“Bless those who persecute you; bless and do not curse… If it is possible, as far as it depends on you, live at peace with everyone.”Romans 12:14, 18
Jesus’ radical ethical demands on us say that we are to love our enemies. Could anything be more contrary to expected human behavior? When we learn of Christians around the world being persecuted and killed for their faith, how do we love those enemies?
But perhaps we need to bring Paul’s teaching closer to home. In some ways it is easier for us to pray for an enemy on the other side of the world than it is to seek peace in situations right at hand. Think of the neighbor who has offended you, the boss who keeps overlooking you for a job promotion, the family member you’ve been at odds with for years, the person you don’t like in the pew in front of you on Sunday, the friend you’ve held a grudge against. Have you done any work to live at peace with those God has put in your life?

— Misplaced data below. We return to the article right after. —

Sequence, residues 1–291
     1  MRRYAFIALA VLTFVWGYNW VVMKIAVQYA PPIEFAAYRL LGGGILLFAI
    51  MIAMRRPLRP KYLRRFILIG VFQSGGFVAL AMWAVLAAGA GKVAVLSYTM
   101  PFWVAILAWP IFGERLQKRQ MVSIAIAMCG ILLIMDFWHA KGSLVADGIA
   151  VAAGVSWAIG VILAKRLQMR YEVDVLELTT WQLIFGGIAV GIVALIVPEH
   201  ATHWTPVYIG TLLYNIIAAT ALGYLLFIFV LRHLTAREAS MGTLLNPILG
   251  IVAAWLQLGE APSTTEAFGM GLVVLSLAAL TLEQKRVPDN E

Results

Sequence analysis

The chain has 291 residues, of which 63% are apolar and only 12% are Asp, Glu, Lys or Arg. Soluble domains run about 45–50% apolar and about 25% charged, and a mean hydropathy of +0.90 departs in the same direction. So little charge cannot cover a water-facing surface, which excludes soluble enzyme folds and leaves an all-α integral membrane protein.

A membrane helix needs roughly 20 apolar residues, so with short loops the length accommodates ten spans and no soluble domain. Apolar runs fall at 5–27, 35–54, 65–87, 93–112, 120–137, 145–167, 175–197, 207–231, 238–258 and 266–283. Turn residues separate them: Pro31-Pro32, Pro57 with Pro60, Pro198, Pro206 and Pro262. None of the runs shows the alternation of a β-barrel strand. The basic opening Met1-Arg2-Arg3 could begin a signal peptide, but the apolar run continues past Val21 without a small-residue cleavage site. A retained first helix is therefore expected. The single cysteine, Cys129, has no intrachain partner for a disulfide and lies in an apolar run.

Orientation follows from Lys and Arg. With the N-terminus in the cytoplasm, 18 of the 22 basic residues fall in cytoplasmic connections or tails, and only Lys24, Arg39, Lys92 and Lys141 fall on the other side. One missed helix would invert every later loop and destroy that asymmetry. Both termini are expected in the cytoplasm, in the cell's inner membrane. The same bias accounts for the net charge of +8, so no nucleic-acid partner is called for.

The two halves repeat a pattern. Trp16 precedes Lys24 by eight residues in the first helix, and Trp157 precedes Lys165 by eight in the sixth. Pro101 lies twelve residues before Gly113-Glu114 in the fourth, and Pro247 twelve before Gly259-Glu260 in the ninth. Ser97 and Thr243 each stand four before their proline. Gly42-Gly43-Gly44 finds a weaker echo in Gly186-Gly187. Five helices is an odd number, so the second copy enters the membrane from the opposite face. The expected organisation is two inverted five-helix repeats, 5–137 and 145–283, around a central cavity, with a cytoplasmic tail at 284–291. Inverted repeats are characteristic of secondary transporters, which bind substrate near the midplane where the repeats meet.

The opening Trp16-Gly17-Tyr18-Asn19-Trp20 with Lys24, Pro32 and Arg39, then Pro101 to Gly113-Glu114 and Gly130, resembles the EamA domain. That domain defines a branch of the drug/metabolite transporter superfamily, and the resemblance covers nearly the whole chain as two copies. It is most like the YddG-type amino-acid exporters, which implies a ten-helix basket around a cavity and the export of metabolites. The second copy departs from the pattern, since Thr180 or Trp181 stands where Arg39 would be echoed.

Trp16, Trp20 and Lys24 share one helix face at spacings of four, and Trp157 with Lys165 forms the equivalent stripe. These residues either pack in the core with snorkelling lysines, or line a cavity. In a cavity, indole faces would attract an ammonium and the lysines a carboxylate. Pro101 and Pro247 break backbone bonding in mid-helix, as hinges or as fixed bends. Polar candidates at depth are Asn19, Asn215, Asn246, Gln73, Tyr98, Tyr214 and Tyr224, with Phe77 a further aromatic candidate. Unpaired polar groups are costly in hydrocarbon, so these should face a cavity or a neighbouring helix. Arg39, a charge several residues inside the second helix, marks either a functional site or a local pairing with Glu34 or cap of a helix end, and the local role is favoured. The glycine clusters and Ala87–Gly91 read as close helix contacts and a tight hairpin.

Remember the context of this passage: the mercies of God. In all the ethical demands of Romans 12, consider God’s overflowing, monumental mercy. You’ll find that because of it, you can bless and not curse those who persecute or oppose you.
“Do not be overcome by evil, but overcome evil with good.” (Romans 12:21)